TIME TO GET YOUR pHD | Pocketmags.com

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This month Julie Moore explains why knowing the pH of your soil is important and what you can do to create the right conditions for your plants

When it comes to what you can grow on your plot, and for that matter, what you can’t, few things are as important as soil. Of course, to a certain extent, you’re stuck with what Mother Nature has given you. But understanding your soil’s pH will ensure that you grow crops that will make the most of the soil you create.

Soil pH indicates how acidic or alkaline your soil is and has important implications for plant health and growth. Soil pH impacts beneficial fungi and bacteria in the soil and influences whether or not essential minerals are available for uptake by plant roots.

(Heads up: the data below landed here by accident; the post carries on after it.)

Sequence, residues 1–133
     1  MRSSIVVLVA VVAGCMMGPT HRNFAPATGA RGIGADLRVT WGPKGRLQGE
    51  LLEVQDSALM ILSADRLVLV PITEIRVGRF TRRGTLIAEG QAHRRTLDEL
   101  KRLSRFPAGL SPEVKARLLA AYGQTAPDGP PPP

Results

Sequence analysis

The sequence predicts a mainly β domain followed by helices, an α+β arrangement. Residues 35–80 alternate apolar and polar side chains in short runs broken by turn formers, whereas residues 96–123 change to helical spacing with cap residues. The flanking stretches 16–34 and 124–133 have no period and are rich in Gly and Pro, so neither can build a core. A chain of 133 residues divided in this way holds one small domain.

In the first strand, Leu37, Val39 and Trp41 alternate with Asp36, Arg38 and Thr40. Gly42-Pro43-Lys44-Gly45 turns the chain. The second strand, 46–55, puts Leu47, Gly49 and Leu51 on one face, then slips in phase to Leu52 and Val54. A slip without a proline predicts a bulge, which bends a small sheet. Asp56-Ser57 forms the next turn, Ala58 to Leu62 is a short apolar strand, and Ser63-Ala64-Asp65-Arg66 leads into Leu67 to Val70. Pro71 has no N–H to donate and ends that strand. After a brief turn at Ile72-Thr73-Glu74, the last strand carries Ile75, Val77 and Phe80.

All pH is measured on a logarithmic scale from zero (most acidic) to 14 (most alkaline) with 7 being neutral. Soils are considered acidic with a pH between 4.6 and 5.0 and very acidic below a pH of 4.5. Conversely, soils are considered alkaline with a pH between 7.5 and 7.9 and very alkaline above a pH of 8.0.

Most food crops prefer a pH of between 6.0 and 6.5, but you can still have a productive plot if your pH lies between 5.5 and 7.5. While a difference of 0.5 may not seem significant, the pH scale is logarithmic which means, for example, a pH of 7.0 is actually 10 times less acidic than a pH of 6.0.

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About Kitchen Garden Magazine

This month : Get set to harvest - pick your perfect pumpkins plus harvesting kit on test 6-page special feature - pck crops of tasty berries 8 home-grown recipes to suit every taste Save £££ make your own handy crop covers 13 top tips to tidy your plot this autumn Instant savers & giveways - the case for organic seeds Juicy smoothies - grow your own health drinks + 7 Exclusive videos!